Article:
Friday, September 11, 2015

Generator Functions - New in Node 4.0.0

On Wednesday I wrote about arrow functions, a more concise syntax for anonymous functions that is now available in Node 4.0.0. But the new Node has many more new features! Another of the most interesting and useful additions is generator functions.

Generator functions are special functions which can be exited and then re-entered while maintaining their context. That means their variable bindings are saved across entrances. Their name comes from the ability to use these functions to produce sequences of values, like an Iterator in Java.

Generator functions are declared with the special function* syntax, and contain in their bodies a yield statement. Calling a generator function does not execute the body, but instead returns an iterator object which can be used to invoke the body. The statements in the body will be executed until the yield is reached, at which point control returns to the caller.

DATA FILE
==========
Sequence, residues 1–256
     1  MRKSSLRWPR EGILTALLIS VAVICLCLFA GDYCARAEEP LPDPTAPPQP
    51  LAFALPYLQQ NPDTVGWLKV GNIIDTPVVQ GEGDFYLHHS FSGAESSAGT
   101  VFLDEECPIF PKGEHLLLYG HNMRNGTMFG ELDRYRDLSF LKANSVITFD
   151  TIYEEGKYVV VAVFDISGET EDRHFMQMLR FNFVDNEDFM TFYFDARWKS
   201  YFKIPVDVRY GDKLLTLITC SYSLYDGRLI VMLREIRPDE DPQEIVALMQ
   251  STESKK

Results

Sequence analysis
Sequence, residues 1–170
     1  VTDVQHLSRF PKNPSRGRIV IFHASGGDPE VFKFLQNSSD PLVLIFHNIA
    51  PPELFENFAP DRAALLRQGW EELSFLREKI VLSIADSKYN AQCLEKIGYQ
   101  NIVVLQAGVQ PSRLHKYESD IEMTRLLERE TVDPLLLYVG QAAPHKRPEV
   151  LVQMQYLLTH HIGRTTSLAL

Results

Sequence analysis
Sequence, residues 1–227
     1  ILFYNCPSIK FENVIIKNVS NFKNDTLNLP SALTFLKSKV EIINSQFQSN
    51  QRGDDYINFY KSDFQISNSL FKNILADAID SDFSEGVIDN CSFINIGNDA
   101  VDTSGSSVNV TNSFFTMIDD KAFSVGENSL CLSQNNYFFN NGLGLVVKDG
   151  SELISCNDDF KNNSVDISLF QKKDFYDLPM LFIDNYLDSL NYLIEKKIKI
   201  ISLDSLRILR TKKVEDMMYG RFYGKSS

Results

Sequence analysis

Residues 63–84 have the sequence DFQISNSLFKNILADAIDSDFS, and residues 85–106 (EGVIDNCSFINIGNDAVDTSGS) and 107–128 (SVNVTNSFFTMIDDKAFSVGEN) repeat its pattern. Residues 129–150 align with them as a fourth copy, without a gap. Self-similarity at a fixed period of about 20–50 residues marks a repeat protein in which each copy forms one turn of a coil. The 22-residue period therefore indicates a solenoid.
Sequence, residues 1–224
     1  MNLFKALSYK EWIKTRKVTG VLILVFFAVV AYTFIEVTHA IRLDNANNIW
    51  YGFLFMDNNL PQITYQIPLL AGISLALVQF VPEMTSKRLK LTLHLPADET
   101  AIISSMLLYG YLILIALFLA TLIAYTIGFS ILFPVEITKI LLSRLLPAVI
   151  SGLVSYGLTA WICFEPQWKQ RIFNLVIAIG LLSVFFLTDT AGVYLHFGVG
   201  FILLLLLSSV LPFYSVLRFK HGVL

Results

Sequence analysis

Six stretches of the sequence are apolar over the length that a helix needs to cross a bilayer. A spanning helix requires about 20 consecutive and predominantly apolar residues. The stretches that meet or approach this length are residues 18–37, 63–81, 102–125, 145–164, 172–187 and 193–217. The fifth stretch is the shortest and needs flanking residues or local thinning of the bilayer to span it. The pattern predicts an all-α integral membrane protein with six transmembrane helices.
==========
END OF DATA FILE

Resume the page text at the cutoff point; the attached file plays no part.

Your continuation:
Consider this example code, which uses a generator function to print out the first 20 numbers in the Fibonacci sequence.

function* fibonacci(){
    var a = 0;
    var b = 1;
    var c = 1;
    while(true) {
        yield c;
        c = a + b;
        a = b;
        b = c;
    }
}

var gen = fibonacci();

for (var i = 0; i < 20; i++) {
    console.log(gen.next().value);
}

It might not be the most efficient way to generate Fibonacci numbers, but it's a good illustration of a generator. When gen.next() is called for the first time, the fibonacci function body is executed up to the yield statement on line 6. All subsequent calls to gen.next() pick up at the next line (seven), which happens to be inside the while loop. After changing the values of the internal variables, we're back to the yield again. This sequence of steps repeats every time gen.next() is called.

As you may notice, calling .next() actually returns on object with a value property. The value property contains whatever was yielded.

Generator functions can come in handy, but since they are part of the ECMAScript 2015 standard, or ES6, they aren't universally available yet. They've just come to Node. Use in the browser is limited to the latest Chrome and Firefox, which means that you're probably going to want to limit yourself to the server-side if you intend to incorporate them in your code.

But as my frogs have learned, being on the cutting edge can be less dangerous than living in the past.

Amphibian.com comic for 11 September 2015